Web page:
Image from here.
This blurb isn't the most grammatically eloquent, but the Liangzhu culture really is a very significant prehistoric Chinese archeological culture, and knowing what ended it provides important insight. Wikipedia introduces the culture as follows:
The Liangzhu culture (/ˈljɑːŋˈdʒuː/; 3300–2300 BC) was the last Neolithic jade culture in the Yangtze River Delta of China. The culture was highly stratified, as jade, silk, ivory and lacquer artifacts were found exclusively in elite burials, while pottery was more commonly found in the burial plots of poorer individuals. This division of class indicates that the Liangzhu period was an early state, symbolized by the clear distinction drawn between social classes in funeral structures. A pan-regional urban center had emerged at the Liangzhu city-site and elite groups from this site presided over the local centers. The Liangzhu culture was extremely influential and its sphere of influence reached as far north as Shanxi and as far south as Guangdong. The primary Liangzhu site was perhaps among the oldest Neolithic sites in East Asia that would be considered a state society. The type site at Liangzhu was discovered in Yuhang County, Zhejiang and initially excavated by Shi Xingeng in 1936. A 2007 analysis of the DNA recovered from human remains shows high frequencies of Haplogroup O1 in Liangzhu culture linking this culture to modern Austronesian and Tai-Kadai populations. It is believed that the Liangzhu culture or other associated subtraditions are the ancestral homeland of Austronesian speakers. . . .
The Liangzhu Culture entered its prime about 4000–5000 years ago, but suddenly disappeared from the Taihu Lake area about 4200 years ago when it reached the peak. Almost no traces of the culture were found from the following years in this area.
Recent research has shown that rising waters interrupted the development of human settlements several times in this area. This led researchers to conclude the demise of the Liangzhu culture was brought about by extreme environmental changes such as floods, as the cultural layers are usually interrupted by muddy or marshy and sandy–gravelly layers with buried paleo trees.Some evidence suggests that Lake Tai was formed as an impact crater only 4500 years ago, which could help explain the disappearance of the Liangzhu culture. However, other work does not find an impact crater structure or shocked minerals at Lake Tai.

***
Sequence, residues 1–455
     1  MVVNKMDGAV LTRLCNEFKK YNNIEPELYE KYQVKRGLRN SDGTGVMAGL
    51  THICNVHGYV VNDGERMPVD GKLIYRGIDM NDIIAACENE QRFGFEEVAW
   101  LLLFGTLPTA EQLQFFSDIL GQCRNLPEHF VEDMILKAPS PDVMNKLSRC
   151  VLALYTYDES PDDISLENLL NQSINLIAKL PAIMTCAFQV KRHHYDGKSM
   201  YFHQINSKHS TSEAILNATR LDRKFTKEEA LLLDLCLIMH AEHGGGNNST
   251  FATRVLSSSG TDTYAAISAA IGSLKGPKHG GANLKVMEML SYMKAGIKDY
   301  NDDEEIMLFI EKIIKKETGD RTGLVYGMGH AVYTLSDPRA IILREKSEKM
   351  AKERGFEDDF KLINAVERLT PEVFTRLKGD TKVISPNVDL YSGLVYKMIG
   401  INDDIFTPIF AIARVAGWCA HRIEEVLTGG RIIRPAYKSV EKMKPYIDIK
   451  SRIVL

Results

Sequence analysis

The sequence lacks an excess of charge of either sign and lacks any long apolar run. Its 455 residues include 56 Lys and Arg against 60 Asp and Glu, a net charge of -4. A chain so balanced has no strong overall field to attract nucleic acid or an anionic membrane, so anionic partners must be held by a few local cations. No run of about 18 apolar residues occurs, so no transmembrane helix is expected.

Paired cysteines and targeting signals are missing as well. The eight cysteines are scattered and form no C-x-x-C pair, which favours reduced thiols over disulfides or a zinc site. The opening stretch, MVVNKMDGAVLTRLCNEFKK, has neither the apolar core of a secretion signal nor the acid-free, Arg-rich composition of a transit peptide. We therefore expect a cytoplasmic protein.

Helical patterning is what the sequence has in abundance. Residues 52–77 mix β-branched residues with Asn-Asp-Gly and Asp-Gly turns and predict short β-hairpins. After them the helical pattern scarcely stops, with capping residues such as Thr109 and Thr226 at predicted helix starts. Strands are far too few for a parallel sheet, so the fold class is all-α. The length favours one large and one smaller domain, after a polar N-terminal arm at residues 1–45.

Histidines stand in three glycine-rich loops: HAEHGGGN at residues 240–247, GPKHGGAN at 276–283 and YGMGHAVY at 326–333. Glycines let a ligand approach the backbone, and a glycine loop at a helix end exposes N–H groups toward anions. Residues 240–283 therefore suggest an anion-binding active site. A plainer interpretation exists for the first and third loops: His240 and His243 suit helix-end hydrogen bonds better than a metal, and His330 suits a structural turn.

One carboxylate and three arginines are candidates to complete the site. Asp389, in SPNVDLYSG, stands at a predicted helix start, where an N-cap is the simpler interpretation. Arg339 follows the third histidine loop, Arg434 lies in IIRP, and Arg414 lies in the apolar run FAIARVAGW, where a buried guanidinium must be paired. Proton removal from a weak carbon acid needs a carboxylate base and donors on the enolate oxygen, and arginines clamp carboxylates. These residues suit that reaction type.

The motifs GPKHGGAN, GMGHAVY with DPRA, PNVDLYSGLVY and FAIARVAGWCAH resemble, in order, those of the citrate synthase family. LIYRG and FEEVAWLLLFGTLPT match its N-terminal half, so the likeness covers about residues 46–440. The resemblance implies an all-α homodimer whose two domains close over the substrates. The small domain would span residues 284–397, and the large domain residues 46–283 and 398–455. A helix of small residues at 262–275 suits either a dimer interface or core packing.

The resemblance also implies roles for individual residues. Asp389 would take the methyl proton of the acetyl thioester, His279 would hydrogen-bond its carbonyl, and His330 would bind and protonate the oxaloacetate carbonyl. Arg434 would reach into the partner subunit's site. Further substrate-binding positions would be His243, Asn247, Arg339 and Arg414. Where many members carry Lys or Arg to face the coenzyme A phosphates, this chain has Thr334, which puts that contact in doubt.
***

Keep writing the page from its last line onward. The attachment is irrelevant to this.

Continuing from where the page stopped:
The latest research is as follows:
Referred to as "China's Venice of the Stone Age", the Liangzhu excavation site in eastern China is considered one of the most significant testimonies of early Chinese advanced civilization. More than 5000 years ago, the city already had an elaborate water management system. Until now, it has been controversial what led to the sudden collapse. Massive flooding triggered by anomalously intense monsoon rains caused the collapse. . . .
Data from the stalagmites show that between 4345 and 4324 years ago there was a period of extremely high precipitation. . . . "The massive monsoon rains probably led to such severe flooding of the Yangtze and its branches that even the sophisticated dams and canals could no longer withstand these masses of water, destroying Liangzhu City and forcing people to flee." The very humid climatic conditions continued intermittently for another 300 years[.]
From here citing Haiwei Zhang, et al. "Collapse of the Liangzhu and other Neolithic cultures in the lower Yangtze region in response to climate change." Sci. Adv. (2021). DOI: 10.1126/sciadv.abi9275
Sophisticated boat evolution perhaps.
Isn't this roughly the same time as massive droughts in west Eurasia?
No. It is 750-1000 years earlier.
No. It is 750-1000 years earlier.
How so? The Liangzhu culture disappeared about 4200 years ago (2200 BC), which is during the time frame of the 4.2-kiloyear event.
"Starting around 2200 BC, it probably lasted the entire 22nd century BC. It has been hypothesised to have caused the collapse of the Old Kingdom in Egypt as well as the Akkadian Empire in Mesopotamia, and the Liangzhu culture in the lower Yangtze River area. The drought may also have initiated the collapse of the Indus Valley Civilisation, with some of its population moving southeastward to follow the movement of their desired habitat, as well as the migration of Indo-European-speaking people into India."
Fair. I was thinking of the start of the culture ca. 3000 BCE, not its demise, which really wasn't a reasonable way to interpret what you were getting at.
Yes, the start of the Liangzhu culture does not have anything to do with the 4.2-kiloyear event, but, as you seem to acknowledge, apparently its demise has, which, I think, what Ryan's question was about but was not so clear from the framing of the question.
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